With the first quarter of 2016 in the rearview mirror, it's a good time to pull over and check under the hood. Reporting diluted EPS of $0.82, Johnson Controls (NYSE: JCI) is on track to meet expectations of diluted EPS between $3.70 and $3.90. But earnings alone don't suggest that the company is in good financial shape, so let's take a closer look to see how well the engine is running.
Pumping out profits
Whereas Johnson Controls has struggled to maintain revenue growth over the past three years, the company has improved its bottom line. According to management, the recent decrease in sales was primarily attributable to unfavorable foreign currency exchange -- a familiar theme throughout the market -- and poor performance of the automotive interiors business, neither of which inspire any major sense of concern.
|Metric||FY 2015||FY 2014||FY 2013|
|Net sales||$37.18 billion||$38.75 billion||$37.15 billion|
|EBITDA||$3.01 billion||$2.87 billion||2.72 billion|
|Net income||$1.68 billion||$1.34 billion||$1.30 billion|
Moving down the balance sheet, it's impossible to discuss Johnson Controls' financial health without addressing the imminent major changes: the spinoff of its automotive interiors business into the new entity, Adient, and planned merger with Tyco International (NYSE: TYC). Upon the deals' closing -- presumably by year's end -- management forecasts $32 billion in net sales. If the company meets this guidance, it will report a 13% drop in revenue; however, investors shouldn't be concerned. Despite this falloff on the top line, management forecasts earnings to grow to $4.5 billion in EBITDA -- a figure that doesn't account for the $650 million in operating and tax synergies that management expects to yield.
Pumping out cash
Earnings are important, but equally important is the company's ability to generate cash. A healthy sign for a mature company like Johnson Controls is the ability to maintain and grow free cash flow. In this regard, the company is succeeding -- performing exceedingly well compared to its peers over the past five years. The company rebounded well from a challenging 2014 during which various divestitures negatively affected the company's cash flow by $111 million. Evaluating Johnson Controls and its peers on their free cash flow yield, we get a sense of how well the companies are at converting their sales to free cash flow. Both Siemens (NASDAQOTH: SIEGY) and United Technologies (NYSE: UTX) are much larger than Johnson Controls and the diverse industries in which they operate, presumably, helped them to avoid the precipitous decline which their smaller rival, Ingersoll-Rand (NYSE: IR), has suffered.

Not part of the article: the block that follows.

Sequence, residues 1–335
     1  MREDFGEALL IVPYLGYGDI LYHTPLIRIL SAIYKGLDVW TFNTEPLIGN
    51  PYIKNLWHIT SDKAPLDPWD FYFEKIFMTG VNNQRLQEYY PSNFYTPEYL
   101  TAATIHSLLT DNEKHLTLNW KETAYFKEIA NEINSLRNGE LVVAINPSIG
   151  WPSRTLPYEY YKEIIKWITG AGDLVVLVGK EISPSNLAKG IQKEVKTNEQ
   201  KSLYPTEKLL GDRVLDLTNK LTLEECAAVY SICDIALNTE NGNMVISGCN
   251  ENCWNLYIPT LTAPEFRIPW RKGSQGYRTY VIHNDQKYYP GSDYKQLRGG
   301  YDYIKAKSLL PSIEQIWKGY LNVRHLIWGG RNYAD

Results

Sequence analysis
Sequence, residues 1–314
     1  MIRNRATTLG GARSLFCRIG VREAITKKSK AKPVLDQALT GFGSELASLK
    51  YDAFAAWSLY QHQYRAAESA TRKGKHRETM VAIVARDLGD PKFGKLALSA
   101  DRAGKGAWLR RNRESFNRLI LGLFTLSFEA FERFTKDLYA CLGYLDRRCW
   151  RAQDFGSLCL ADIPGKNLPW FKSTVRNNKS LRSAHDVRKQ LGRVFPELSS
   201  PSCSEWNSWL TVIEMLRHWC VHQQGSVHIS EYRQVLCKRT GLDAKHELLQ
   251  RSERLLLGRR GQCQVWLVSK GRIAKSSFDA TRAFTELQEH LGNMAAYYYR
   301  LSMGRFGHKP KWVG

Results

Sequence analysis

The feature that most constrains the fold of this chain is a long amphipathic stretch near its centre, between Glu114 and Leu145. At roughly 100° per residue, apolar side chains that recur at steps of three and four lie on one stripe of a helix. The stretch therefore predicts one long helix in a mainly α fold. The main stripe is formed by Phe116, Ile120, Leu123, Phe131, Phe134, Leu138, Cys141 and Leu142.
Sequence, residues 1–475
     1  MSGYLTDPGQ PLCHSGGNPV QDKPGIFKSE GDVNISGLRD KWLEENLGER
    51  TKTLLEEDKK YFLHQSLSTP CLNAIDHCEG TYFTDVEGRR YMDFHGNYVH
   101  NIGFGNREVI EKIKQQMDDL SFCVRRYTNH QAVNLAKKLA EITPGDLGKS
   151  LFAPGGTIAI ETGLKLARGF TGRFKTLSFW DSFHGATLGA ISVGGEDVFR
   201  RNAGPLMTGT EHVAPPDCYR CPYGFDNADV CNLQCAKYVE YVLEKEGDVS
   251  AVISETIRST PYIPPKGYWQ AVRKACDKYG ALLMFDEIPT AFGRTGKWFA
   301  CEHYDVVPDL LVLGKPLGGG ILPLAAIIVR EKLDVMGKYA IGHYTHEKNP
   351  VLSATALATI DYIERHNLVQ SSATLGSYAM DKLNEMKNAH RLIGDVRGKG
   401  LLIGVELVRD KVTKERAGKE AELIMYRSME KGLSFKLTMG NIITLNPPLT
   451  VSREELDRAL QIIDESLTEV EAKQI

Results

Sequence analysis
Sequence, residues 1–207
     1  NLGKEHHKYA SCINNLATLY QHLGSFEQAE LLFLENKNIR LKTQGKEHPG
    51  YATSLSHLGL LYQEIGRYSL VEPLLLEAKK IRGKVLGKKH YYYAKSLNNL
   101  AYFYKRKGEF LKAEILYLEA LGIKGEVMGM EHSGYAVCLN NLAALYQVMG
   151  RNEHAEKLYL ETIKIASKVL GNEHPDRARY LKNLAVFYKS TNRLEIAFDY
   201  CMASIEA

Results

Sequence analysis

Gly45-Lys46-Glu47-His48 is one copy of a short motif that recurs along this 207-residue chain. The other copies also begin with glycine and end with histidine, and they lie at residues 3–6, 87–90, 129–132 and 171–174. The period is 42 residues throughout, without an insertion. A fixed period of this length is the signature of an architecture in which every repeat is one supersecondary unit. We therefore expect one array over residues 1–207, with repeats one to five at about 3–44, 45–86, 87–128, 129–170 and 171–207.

What's a company to do with its stacks of cash? Johnson Controls has been committed to returning it to shareholders. The company has been making dividend payments since 1887 -- raising it 35 times over the past 37 years. Continuing the trend, the company announced that it will be raising its FY '16 quarterly dividend to $0.29 from $0.26 in FY '15. It also plans on resuming its share-repurchase program, buying back $500 million through FY '16. Looking forward, management expects its cash flow to improve following the spinoff of Adient and the merger with Tyco as its restructuring outflows taper off in FY '17 and FY '18.
Consistently returning cash to shareholders over the long term, Johnson Controls' generosity has fattened its investors' wallets, but has it been too generous -- sacrificing its own well-being? After all, the company must ensure that its allocating enough cash to invest in itself. After all, Johnson Controls' overall health largely depends on the health of its big machines. Its spending on capital expenditures has followed the same trajectory as several of its peers -- no red flags here.
Owing a debt ... of gratitude
Distributing dividends and buying back shares is all well and good, but not if it comes at the cost of unmanageable debt. Investors need not worry; the company's debt doesn't raise any major concern. Although it is increasing the degree to which its leveraged, the company is still more conservative than its peers. Illustrating its success over the past five years, the following chart reveals how well it has managed to take on debt without sacrificing shareholder value.
In the near term, management acknowledges that there will be an increase in the company's average debt level as it further invests in its joint venture with Hitachi. Johnson Controls will not incur any debt in relation to the merger with Tyco; its shareholders will own 56% equity in the new entity and receive a total cash consideration of approximately $3.9 billion.
The Foolish takeaway
We can close the hood. With growing profits, healthy cash flow, and manageable debt, Johnson Controls passes its checkup and earns a clean bill of health. There are major changes under way, though, and Johnson Controls, for both the balance of 2016 and beyond, will look very different from the Johnson Controls of yesteryear. The question is: Will it be able to execute this transformation while keeping fit?